Pete Drake, a Nashville mainstay on the pedal steel guitar, used talk box on his 1964 album ‘Forever,’ in what came to be called his ‘talking steel guitar.’ The following year Gallant released three albums with the box. Drake’s device consisted of an 8-inch paper cone speaker driver attached to a funnel from which a clear tube brought the sound to the performer’s mouth. It was only loud enough to be useful in the recording studio.

The first high-powered Talk Box was developed by Bob Heil but there is clearly prior art in the form of the Kustom Electronics device, ‘The Bag,’ which is the same concept housed in a decorative bag slung over the shoulder like a wine bottle, using only a 30-watt driver, and sold in 1969, two years before Heil’s high-powered Talk Box. The Bag is claimed to have been designed by Doug Forbes, who states that exactly the same concept (horn driver attached to a plastic tube and inserted into the mouth) had previously been patented as an artificial larynx. But it was Heil that came up with the first high-powered Talk Box that could be reliable when used on high-level rock stages. His first Heil Talk Box was built for Joe Walsh’s Barnstorm tour. Heil, Walsh and Walsh’s guitar tech ‘Krinkle’ combined a 250-watt JBL driver and suitable low-pass filter which was used for Walsh’s single ‘Rocky Mountain Way.’ In 1988, Heil sold the manufacturing rights to Dunlop Manufacturing, Inc. who currently builds the Heil Talk Box to the exact standards that Bob Heil designed in 1973.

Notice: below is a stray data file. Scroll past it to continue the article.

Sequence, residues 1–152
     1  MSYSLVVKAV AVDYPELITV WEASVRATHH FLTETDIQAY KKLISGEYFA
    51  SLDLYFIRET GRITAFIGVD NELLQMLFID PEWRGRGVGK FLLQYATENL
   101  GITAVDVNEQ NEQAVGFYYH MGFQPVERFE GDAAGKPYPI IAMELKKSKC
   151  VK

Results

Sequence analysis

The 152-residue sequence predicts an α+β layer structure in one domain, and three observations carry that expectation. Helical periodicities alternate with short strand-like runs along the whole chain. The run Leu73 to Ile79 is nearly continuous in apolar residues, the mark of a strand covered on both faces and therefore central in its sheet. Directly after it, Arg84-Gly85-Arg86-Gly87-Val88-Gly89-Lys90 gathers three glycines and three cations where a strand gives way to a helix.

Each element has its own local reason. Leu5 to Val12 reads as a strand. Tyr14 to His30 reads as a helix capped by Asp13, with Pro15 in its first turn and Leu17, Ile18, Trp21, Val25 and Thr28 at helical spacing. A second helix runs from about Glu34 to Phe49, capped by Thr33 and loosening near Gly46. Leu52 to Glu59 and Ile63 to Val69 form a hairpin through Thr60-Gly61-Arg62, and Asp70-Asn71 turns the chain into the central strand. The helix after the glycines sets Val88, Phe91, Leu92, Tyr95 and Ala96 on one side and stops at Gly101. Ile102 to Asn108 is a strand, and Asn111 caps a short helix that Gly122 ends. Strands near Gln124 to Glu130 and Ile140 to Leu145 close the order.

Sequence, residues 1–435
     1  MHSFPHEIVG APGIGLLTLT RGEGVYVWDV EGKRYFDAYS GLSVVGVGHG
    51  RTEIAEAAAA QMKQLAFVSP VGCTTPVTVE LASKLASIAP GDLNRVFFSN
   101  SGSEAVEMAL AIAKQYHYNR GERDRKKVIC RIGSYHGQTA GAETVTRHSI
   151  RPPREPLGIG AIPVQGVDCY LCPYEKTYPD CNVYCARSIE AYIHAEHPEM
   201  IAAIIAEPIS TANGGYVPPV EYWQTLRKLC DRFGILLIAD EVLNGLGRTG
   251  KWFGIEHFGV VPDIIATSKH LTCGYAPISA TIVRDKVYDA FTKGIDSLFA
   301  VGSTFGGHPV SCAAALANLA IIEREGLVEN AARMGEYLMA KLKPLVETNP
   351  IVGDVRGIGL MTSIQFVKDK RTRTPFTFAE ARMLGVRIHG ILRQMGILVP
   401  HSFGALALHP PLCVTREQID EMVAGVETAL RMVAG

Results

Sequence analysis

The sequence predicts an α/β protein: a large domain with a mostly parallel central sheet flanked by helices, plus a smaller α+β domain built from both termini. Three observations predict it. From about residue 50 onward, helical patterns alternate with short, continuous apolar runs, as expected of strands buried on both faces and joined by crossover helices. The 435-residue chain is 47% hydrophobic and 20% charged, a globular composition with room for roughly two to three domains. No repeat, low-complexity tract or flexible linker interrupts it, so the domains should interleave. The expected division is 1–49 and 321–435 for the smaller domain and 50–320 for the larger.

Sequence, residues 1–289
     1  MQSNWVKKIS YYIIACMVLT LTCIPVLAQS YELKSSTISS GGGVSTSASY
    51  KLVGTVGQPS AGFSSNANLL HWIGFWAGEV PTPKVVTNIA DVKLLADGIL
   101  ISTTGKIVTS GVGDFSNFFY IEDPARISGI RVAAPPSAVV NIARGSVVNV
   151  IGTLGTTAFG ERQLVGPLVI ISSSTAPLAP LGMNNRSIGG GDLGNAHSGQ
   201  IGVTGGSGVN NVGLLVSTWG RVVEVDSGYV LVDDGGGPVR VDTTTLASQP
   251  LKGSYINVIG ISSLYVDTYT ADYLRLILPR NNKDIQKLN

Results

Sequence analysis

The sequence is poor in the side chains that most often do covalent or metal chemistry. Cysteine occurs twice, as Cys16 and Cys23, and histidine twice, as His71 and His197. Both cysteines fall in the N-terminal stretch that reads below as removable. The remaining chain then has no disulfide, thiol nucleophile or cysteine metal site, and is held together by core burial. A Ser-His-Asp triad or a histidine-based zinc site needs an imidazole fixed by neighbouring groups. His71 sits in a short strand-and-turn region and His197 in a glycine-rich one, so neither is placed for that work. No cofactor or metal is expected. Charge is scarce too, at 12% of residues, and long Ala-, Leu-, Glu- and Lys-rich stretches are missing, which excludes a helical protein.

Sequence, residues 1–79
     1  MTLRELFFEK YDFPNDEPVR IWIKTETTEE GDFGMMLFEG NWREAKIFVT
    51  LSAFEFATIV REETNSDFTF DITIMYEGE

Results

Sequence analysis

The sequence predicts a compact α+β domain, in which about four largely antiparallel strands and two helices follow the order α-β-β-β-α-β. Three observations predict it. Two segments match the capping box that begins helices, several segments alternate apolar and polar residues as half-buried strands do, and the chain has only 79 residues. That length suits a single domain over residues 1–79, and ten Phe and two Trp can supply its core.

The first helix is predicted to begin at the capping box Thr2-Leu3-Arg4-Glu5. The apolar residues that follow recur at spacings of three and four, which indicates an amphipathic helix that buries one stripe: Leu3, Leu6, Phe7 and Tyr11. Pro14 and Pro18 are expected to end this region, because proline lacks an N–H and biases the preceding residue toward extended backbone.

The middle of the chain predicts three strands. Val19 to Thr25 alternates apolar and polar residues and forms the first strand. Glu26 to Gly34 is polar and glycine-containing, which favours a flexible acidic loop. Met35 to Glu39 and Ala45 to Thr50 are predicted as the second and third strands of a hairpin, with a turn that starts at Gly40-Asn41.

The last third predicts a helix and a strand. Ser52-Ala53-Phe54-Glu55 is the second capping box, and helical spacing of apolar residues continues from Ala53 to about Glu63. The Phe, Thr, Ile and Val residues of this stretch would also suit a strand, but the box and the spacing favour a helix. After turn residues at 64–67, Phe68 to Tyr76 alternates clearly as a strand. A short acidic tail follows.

Peter Frampton says he first heard the talk box in 1970 while sitting in on sessions for George Harrison’s ‘All Things Must Pass.’ While he sat next to Pete Drake in the album sessions at Abbey Road studio he heard Pete using it with a pedal steel guitar. Frampton said in the same interview that the sound it produced reminded him of an audio effect he loved listening to on the pirate radio station Radio Luxembourg in the later 1960s. Frampton acquired one as a Christmas present from Bob Heil in 1974. It was a hand-built Talk Box in a fiberglass box using a 100-watt high-powered driver. This was the Heil Talk Box used for the ‘Frampton Comes Alive’ tour and album. He then promptly locked himself away in a practice space for two weeks, and came out with some mastery of it. Thanks to the hit singles ‘Do You Feel Like We Do’ and ‘Show Me the Way,’ Frampton has become somewhat synonymous with the talk box. Peter Frampton also now sells his own line of custom-designed ‘Framptone’ products, including a talk box.

Two early examples of a talk box being used on studio recordings are Sly and the Family Stone’s ‘Sex Machine’ from their album ‘Stand’ and Al Kooper with Shuggie Otis’ ‘One Room Country Shack’ from their album ‘Kooper Session,’ both released in 1969. The band Steppenwolf has used the Talk Box since at least 1970. Stevie Wonder first used a talk box on his album ‘Music of My Mind’ in early 1972. Jeff Beck used the Kustom Bag talk box on ‘She’s A Woman’ from his 1975 release ‘Blow by Blow.’ Roger Troutman, lead singer of the R&B group Zapp used the talk box on their first hit single in 1980 ‘More Bounce To The Ounce’ and was used in subsequent released songs that gave the group its distinctive sound.